DECISION No 1386/2013/EU OF THE EUROPEAN PARLIAMENT AND OF THE COUNCIL of 20 November 2013 on a General Union Environment Action Programme to 2020 ‘Living well, within the limits of our planet’. In November 2013, the European Parliament and the European Council adopted the 7 th EU Environment Action Programme to 2020 ‘Living well, within the limits of our planet’. This programme is intended to help guide EU action on the environment and climate change up to and beyond 2020 based on the following vision: ‘In 2050, we live well, within the planet’s ecological limits. Our prosperity and healthy environment stem from an innovative, circular economy where nothing is wasted and where natural resources are managed sustainably, and biodiversity is protected, valued and restored in ways that enhance our society’s resilience. Our low-carbon growth has long been decoupled from resource use, setting the pace for a safe and sustainable global society.’
Climate-ADAPT: Mainstreaming adaptation in EU sector policies
Overview of EU sector policies in which mainstreaming of adaptation to climate change is ongoing or explored
Climate-ADAPT: National adaptation strategies
Overview of activities of EEA member countries in preparing, developing and implementing adaptation strategies
DG CLIMA: Adaptation to climate change
Adaptation means anticipating the adverse effects of climate change and taking appropriate action to prevent or minimise the damage they can cause, or taking advantage of opportunities that may arise. It has been shown that well planned, early adaptation action saves money and lives in the future. This web portal provides information on all adaptation activities of the European Commission.
EU Adaptation Strategy Package
In April 2013, the European Commission adopted an EU strategy on adaptation to climate change, which has been welcomed by the EU Member States. The strategy aims to make Europe more climate-resilient. By taking a coherent approach and providing for improved coordination, it enhances the preparedness and capacity of all governance levels to respond to the impacts of climate change.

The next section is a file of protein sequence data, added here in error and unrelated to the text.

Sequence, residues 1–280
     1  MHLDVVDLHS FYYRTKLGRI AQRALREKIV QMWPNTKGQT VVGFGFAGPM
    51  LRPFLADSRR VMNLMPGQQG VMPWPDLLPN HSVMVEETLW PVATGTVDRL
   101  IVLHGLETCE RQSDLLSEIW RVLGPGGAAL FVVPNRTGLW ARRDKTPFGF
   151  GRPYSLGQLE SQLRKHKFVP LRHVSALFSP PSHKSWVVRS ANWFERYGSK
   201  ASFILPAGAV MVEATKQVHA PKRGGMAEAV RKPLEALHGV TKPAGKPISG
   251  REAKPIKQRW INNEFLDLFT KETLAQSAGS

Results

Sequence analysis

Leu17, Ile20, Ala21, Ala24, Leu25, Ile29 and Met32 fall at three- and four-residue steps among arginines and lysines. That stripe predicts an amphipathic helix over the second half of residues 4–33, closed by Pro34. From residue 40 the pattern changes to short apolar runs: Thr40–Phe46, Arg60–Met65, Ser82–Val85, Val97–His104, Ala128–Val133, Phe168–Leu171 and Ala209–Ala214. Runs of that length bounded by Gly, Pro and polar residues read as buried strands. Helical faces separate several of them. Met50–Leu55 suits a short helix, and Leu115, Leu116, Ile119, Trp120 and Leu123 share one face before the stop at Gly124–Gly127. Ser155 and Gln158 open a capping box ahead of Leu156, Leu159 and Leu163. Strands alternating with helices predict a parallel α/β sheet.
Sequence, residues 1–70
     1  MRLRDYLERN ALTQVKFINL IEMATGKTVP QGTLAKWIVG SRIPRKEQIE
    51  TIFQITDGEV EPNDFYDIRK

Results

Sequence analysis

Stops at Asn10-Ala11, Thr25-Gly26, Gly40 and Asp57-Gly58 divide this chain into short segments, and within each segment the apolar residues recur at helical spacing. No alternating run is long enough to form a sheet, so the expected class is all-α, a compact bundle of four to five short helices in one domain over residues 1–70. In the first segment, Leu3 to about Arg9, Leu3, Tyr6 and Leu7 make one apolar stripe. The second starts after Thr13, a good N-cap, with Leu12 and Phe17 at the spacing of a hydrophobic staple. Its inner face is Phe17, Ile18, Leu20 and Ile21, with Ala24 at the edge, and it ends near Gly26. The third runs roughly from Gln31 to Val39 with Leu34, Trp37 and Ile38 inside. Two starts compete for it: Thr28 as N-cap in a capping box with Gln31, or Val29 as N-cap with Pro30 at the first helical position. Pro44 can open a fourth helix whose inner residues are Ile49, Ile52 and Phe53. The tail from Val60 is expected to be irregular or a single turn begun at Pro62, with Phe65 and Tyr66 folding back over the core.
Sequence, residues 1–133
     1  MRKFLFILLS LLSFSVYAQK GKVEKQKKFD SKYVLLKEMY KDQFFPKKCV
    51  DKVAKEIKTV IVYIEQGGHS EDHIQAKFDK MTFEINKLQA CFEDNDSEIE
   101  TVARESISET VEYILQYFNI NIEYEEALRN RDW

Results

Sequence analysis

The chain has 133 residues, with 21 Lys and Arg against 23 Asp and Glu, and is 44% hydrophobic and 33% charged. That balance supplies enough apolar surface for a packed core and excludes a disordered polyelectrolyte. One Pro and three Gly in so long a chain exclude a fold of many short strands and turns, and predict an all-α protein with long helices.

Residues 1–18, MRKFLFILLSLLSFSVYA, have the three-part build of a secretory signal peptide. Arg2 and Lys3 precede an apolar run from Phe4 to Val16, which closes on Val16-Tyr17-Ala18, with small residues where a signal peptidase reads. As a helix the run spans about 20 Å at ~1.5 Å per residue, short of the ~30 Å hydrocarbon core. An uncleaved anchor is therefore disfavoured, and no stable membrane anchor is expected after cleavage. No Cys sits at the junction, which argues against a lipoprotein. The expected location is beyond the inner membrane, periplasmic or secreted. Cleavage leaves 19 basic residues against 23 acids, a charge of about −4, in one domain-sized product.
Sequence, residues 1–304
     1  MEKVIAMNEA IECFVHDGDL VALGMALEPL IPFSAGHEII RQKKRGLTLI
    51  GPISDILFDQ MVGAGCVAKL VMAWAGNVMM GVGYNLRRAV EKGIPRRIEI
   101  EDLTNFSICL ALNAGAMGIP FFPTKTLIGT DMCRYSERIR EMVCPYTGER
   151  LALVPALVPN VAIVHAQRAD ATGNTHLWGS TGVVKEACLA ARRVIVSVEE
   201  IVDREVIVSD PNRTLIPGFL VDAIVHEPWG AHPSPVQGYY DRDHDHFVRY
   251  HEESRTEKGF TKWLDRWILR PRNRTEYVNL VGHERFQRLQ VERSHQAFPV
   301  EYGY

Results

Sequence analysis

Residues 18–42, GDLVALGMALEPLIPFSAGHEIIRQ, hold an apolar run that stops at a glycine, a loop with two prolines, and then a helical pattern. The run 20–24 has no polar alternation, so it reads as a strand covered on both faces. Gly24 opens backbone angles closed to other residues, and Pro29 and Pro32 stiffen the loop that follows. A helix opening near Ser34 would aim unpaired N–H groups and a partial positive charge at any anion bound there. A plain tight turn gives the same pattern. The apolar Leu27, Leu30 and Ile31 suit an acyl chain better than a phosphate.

Methodology for indicator calculation
The time series shows both direct measurement data from the Aloha station pH as well as calculations for gap filling (see methodology reference below).
A trend line has been added.
Methodology for gap filling
The methodology for gap filling is described in the methodology reference below.
- Dore et al. 2009: Physical and biogeochemical modulation of ocean acidification in the central North Pacific. Dore, J. E., Lukas, R., Sadler, D. W., Church, M. J. and Karl, D. M. (2009) Proceedings of the National Academy of Sciences 106, 12235–12240. doi:10.1073/pnas.0906044106
Data sets uncertainty
In general, changes related to the physical and chemical marine environment are better documented than biological changes because links between cause and effect are better understood and often time series of observations are longer. Ocean acidification occurs as a consequence of well-defined chemical reactions, but its rate and biological consequences on a global scale is subject to research.
No uncertainty has been specified
Hawaii Ocean Time-series (HOT)
provided by University of Hawaii
Coupled Model Intercomparison Project Phase 5 - CMIP5
provided by Lawrence Livermore National Laboratory (LLNL)
Typology: Descriptive indicator (Type A - What is happening to the environment and to humans?)
- CLIM 043
Contacts and ownership
EEA Contact InfoTrine Christiansen
EEA Management Plan2016 1.4.1 (note: EEA internal system)
Frequency of updates
For references, please go to http://www.eea.europa.eu/data-and-maps/indicators/ocean-acidification-1/assessment or scan the QR code.